London, Oct 27 (UNI) Obesity is the main cause of cancer among non-smokers, the World Cancer Research Fund (WCRF) has said.
The WCRF, which spent five years collecting information about the effect bodyweight, diet and physical activity has on the risk of developing cancer, will present its findings to the global conference next week.
The research said smoking is still the single biggest cause of cancers, accounting for one third of the 300,000 cases in the UK alone, each year.
However, only one quarter of people smoke and research found that for non-smokers being overweight or obese was the most important avoidable cause of cancer.
According to Cancer Research UK, 12,000 people a year in the english country could avoid cancer if they maintained a healthy weight.
Obesity is known to cause between nine and 15 per cent of breast cancers -- more than defective genes.
A recent study found women who had gone through the menopause and were obese increased their risk of developing breast cancer by a third.
Obesity is known to increase the risk of cancer by raising the level of hormones such as oestrogen, which feeds many breast cancers.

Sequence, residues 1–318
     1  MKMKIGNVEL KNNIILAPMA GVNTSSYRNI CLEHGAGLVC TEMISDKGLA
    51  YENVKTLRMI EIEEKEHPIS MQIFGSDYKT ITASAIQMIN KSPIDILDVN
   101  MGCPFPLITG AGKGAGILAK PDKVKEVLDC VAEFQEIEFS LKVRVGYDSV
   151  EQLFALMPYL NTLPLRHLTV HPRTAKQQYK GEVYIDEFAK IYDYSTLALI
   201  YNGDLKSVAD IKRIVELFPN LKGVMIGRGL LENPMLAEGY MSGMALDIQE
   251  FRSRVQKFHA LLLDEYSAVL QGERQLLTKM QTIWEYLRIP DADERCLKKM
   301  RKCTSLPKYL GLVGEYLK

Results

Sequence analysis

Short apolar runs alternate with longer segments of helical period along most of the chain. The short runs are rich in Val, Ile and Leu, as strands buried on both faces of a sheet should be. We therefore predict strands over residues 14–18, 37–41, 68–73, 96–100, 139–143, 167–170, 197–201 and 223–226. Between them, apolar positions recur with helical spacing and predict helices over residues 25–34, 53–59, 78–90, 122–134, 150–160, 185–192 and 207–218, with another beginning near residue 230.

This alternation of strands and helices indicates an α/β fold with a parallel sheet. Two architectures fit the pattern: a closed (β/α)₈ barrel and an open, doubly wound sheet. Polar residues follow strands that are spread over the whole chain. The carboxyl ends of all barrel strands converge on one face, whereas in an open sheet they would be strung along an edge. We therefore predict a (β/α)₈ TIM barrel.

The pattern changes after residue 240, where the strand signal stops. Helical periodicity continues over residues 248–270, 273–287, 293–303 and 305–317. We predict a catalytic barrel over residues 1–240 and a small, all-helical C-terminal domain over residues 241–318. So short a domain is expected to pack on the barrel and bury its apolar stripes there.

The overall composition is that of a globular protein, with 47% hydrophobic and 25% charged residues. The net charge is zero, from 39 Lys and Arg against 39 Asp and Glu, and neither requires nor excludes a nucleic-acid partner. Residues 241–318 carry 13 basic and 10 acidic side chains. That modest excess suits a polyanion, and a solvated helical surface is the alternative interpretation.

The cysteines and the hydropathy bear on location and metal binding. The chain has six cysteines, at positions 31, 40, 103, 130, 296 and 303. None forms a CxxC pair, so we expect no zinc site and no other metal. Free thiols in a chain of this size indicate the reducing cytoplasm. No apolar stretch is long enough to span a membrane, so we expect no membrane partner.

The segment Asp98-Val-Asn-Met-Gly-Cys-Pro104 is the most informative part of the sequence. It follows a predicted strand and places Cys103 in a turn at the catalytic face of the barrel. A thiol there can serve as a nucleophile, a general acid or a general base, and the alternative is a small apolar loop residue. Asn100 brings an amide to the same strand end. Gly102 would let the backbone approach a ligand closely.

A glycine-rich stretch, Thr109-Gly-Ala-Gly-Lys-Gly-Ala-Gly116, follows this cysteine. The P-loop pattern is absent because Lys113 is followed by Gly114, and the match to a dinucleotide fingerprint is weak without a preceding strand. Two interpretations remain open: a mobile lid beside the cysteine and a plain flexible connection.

An obese woman's lifetime risk of developing breast cancer is one in seven compared to one in nine for the general population.
Obesity is also known to increase the risk of bowel cancer, and accounts for between 11 per cent and 14 per cent of cases annually.
Men who are obese have a 60 per cent increased risk of developing the disease.
Studies also estimated that a quarter of kidney cancers, a third of oesophageal cancers and four in 10 womb cancers are caused by obesity.
An epidemiologist at Cancer Research UK Prof Tim Key, who is presenting at the conference here next week, said ''Already the majority of people don't smoke and for them obesity maybe the most important identified cause of cancer.'' He was quoted by the Telegraph as saying that eating a balanced diet was important to remain a healthy weight but there was little credible evidence that so-called superfoods such as garlic, broccoli, or berries actually prevented cancer.
The World Cancer Research Fund's report Food, nutrition, physical activity and the prevention of cancer -- a global perspective will be launched at The Royal Society on November 1.
A panel of 21 experts from around the world have reviewed evidence on what the major causes of cancer and will release details of 10 health recommendations for the prevention of cancer.